Hoping for a Win vs. Creating a Win

There’s a big difference between hoping for a win and creating a win.

I want the team to feel positive, like we’re getting somewhere and doing something. To do that, our goals need to be specific, measurable, and defined. We have to know what we’re going to accomplish and when we’re going to do it. We don’t want to get to the end of a two-week period and ask, “Did we do it?”

We also want the timeframe to be short. I don’t want a ten-year goal or even a five-year goal. That’s too long. The team needs to win quickly. I want two- or three-week goals.

For example, a campus pastor didn’t have enough small groups and needed to create more. We settled on goal of 22 new groups in 22 days. I loved this goal. It was specific, measurable, defined, and short term. Because of that, they actually generated 22 groups in 12 days. How? There was a short-term win. As a result, this team experienced positive momentum and positive organizational esteem.

That’s why I coined a new term. Maybe you’ve heard the term BHAG: a Big, Hairy Audacious Goal—like tripling the size of the church or doubling revenue. That’s huge. But I coined a different term: SBAG. This may sound funny, but it's a great kind of goal.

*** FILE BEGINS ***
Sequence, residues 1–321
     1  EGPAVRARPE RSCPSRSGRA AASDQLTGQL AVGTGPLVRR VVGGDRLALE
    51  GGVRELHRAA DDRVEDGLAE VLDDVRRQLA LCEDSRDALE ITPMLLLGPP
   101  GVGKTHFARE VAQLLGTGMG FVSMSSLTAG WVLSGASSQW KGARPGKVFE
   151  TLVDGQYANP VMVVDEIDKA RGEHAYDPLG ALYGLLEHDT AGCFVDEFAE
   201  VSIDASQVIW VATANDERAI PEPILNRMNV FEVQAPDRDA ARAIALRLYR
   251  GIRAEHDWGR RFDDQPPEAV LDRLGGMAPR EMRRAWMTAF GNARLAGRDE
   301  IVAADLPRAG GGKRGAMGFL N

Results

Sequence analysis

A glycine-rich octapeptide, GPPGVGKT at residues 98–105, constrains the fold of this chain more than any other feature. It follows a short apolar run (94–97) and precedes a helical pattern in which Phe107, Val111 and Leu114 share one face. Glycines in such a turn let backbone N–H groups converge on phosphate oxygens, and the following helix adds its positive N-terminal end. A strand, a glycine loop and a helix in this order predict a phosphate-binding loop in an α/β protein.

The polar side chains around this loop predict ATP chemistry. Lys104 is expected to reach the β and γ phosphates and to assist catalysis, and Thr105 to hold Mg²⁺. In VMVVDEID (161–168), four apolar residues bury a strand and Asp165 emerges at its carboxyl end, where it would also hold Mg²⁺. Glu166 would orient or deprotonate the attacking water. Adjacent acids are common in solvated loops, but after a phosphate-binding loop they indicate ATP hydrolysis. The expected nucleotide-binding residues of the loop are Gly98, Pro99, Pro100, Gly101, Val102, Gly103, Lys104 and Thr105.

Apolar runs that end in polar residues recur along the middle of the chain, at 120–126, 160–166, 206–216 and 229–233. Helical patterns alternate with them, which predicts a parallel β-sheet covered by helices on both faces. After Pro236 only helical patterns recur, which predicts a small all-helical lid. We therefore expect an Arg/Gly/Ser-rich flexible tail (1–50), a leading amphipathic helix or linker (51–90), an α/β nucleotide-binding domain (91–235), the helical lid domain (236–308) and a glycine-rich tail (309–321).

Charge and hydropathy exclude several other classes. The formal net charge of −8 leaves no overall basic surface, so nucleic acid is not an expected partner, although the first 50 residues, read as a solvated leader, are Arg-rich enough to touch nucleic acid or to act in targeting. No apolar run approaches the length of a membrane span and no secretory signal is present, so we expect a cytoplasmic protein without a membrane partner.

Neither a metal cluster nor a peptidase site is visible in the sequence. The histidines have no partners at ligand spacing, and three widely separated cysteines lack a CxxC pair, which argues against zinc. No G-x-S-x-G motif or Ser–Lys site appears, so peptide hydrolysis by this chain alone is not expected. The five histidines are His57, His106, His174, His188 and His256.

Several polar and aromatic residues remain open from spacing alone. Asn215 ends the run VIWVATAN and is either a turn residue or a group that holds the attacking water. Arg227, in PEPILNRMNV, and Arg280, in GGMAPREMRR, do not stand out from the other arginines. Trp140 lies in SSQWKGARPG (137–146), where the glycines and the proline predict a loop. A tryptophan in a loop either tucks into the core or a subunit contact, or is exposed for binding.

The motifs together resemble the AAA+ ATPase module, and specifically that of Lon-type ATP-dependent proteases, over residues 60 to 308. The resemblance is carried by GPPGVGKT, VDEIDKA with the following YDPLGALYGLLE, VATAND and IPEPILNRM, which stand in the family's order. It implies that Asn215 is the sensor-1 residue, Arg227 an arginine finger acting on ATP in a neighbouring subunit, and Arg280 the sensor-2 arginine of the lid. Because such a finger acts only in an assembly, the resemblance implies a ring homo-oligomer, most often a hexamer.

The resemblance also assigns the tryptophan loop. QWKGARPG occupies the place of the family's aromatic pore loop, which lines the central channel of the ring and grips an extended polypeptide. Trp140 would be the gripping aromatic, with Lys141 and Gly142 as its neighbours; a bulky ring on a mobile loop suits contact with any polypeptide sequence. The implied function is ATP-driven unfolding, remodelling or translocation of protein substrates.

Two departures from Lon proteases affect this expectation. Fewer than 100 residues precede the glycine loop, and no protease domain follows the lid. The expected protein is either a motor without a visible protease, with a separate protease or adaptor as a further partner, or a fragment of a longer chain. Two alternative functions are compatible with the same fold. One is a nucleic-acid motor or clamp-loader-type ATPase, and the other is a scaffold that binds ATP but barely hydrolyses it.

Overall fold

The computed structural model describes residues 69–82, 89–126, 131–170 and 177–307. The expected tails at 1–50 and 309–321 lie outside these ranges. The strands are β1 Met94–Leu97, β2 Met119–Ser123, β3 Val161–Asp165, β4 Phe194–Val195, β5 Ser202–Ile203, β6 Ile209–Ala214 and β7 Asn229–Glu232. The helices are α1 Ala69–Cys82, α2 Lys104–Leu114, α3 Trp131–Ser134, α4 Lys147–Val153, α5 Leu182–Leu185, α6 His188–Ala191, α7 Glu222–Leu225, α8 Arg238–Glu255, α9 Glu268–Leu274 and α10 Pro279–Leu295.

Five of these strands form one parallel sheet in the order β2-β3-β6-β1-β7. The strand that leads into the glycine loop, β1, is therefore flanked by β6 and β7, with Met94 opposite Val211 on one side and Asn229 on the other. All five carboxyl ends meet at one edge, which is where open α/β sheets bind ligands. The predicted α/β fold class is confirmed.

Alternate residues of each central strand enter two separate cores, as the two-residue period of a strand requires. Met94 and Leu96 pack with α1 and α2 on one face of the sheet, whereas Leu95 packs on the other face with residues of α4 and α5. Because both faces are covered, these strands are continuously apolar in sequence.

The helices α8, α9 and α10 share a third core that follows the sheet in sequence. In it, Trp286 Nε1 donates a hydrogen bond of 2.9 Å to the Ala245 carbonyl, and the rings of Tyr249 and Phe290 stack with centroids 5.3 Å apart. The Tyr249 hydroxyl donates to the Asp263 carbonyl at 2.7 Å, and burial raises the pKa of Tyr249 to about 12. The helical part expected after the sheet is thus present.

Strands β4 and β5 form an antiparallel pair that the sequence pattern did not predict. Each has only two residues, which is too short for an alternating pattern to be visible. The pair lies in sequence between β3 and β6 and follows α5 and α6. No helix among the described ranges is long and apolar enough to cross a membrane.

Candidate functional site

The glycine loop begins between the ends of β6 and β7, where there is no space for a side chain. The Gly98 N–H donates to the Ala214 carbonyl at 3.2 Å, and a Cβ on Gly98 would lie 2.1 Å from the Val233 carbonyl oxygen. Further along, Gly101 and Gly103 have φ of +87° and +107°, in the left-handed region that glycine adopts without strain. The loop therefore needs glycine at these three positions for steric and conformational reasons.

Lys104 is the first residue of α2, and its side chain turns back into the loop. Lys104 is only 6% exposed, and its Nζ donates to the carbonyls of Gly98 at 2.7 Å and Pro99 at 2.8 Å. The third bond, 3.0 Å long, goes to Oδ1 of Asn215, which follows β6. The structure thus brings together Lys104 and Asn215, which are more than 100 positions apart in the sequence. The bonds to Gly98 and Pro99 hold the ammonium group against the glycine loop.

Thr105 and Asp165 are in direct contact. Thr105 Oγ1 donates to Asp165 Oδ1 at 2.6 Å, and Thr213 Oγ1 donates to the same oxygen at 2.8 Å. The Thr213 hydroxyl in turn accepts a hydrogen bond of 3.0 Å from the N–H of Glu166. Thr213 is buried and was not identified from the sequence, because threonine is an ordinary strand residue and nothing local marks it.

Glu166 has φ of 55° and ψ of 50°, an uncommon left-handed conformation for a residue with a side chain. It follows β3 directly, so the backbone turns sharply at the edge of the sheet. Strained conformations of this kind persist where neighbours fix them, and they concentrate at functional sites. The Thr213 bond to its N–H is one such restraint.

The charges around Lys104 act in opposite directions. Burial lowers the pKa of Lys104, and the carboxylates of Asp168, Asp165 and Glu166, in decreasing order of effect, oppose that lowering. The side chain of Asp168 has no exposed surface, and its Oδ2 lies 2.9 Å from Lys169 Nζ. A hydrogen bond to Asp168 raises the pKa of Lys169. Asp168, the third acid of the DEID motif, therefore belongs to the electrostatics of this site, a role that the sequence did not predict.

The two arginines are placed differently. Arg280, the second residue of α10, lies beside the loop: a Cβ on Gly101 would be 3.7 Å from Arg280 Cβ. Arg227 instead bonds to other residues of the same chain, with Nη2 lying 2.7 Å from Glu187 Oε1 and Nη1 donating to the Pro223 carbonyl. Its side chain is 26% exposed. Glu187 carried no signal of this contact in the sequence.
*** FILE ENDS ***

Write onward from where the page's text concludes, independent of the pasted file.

What’s an SBAG? A Stretching But Achievable Goal.

Yes, we want some BHAGs, but we want a lot of SBAGs. The “achievable” aspect of an SBAG is key. We want to knock it out in a week, three weeks, or six weeks max. If we stretch ourselves, we'll be able to achieve it.

If we don’t hit a BHAG, we feel like we lost. In reality, we may have actually grown significantly along the way, but we missed it because we didn't reach the BHAG. So don’t just have BHAGs, but create SBAGs, too.

What we've learned:

Don’t just create goals. Create wins. As a leader, help your team set the right goals, move the ball forward, and celebrate wins to reach people for Christ.

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